So much for kitty? Not necessarily! A number of interpretations may apply here. One, the Copenhagen interpretation, holds that after awhile the cat is simultaneously alive and dead. Yet, when we look in the box, we see the cat either alive or dead, but not both. The act of observing the cat box, in other words, stops it being a superposition of alive and dead cat states and makes it become one or the other. (To be sure, the state of matter in most cat boxes depends mainly on how often you scoop out the poop.)

According to another interpretation, the many worlds interpretation, both alive and dead states of the cat persist after the box is opened, but are “decoherent” from each other. In other words, upon opening the box, the observer and cat split into an observer looking at a box with a dead cat, and an observer looking at a box with a live cat. The dead and alive states exist simultaneously in different domains of the universe, or perhaps parallel universes, and cannot interact with each other.
"Many Worlds" interpretation

UPS interpretation: the box collapses, not the wavefunction
For completeness’ sake, I should mention the UPS interpretation which requires very little physics and allows for only one final state  – albeit, a state that may represent two kinds of dead (see below).

My own take on the experiment is that the cat box ought to be made of Plexiglas, not steel as prescribed by Schrödinger, so you could keep an eye on the Kitty Litter®. After all, isn’t science mostly about observation?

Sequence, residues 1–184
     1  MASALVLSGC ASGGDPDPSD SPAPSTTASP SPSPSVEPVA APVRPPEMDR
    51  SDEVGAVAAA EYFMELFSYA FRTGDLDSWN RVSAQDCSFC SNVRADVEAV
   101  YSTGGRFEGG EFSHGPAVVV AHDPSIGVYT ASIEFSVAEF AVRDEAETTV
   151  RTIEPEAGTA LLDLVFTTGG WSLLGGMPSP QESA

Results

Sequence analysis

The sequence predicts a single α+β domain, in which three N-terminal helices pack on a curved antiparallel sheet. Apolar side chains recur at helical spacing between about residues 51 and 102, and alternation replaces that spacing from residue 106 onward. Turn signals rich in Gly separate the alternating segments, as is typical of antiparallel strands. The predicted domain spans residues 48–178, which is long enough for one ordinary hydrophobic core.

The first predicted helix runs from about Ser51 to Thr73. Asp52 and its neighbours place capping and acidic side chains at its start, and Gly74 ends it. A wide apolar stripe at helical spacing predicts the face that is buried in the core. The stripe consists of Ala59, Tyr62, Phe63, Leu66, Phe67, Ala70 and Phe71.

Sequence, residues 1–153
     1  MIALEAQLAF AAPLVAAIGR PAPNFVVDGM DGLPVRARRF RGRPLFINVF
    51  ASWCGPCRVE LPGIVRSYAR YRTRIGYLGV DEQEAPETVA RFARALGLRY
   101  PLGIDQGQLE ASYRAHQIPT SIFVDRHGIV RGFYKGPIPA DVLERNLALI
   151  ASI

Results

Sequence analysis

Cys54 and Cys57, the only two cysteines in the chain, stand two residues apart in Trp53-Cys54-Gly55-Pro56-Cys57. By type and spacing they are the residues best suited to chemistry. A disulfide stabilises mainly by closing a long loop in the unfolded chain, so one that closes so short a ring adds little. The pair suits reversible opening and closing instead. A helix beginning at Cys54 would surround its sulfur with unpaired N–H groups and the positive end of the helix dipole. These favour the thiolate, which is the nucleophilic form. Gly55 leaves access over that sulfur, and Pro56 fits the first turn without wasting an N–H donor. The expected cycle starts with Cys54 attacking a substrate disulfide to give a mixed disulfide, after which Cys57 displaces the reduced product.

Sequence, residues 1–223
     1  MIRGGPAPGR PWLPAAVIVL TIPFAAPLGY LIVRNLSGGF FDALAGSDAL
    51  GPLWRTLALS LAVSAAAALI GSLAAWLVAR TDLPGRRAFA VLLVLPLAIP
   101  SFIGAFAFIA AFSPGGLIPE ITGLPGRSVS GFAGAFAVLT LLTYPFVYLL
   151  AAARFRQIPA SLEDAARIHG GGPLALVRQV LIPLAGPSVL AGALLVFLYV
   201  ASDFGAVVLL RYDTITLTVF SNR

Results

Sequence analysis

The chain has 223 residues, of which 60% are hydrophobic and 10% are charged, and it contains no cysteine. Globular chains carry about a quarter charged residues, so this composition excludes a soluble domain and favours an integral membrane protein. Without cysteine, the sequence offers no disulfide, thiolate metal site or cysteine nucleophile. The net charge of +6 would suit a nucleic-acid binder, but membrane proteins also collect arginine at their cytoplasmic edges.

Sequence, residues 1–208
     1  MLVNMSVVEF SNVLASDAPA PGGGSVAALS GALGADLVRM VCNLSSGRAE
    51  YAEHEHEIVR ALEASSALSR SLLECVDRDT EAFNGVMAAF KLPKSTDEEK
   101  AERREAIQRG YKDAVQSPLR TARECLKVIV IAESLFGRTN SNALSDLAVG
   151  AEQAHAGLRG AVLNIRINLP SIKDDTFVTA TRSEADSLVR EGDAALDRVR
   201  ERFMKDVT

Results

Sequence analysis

All of which brings me back to those dizzy daises and how quantum phenomena could effect your love life.

For starters, love does provide a quantum of solace even if such comfort isn’t easy to measure. This might be especially true, for example, if you and your partner exist in  different physical states, say, Florida and New Jersey. 

For partners who are extensively entangled, a single wave function could describe their behavior – the goodbye wave, say, from the subway platform of a morning as one or the other heads crosstown on the “E” train.  Some highly entangled partners may correlate silently, each from within his own universe, although sharing an occasional phonon would seem like a better idea.

Knottiest of all may be superposition. How come, just on the verge of achieving it, your state vector collapses, especially as you grow older? (At my age, I could decay before my subatomic particles did.) Or perhaps a partner’s untimely observation collapses the wavefunction, quashing all chances of superposition. Trickier yet, unbeknownst to one partner, the other may be superpositioning in two places at once, and the cathouse isn’t Schrödinger’s.

As for “Loves me, loves me not,” just accept it. That’s simply how most partners roll, never mind quantum mechanics.  If you’re the card counting type, remember: daisies with an odd number of petals always give better results. Better still, just present your partner the flowers. It makes more sense than dismembering them and might earn you a quantum of credit.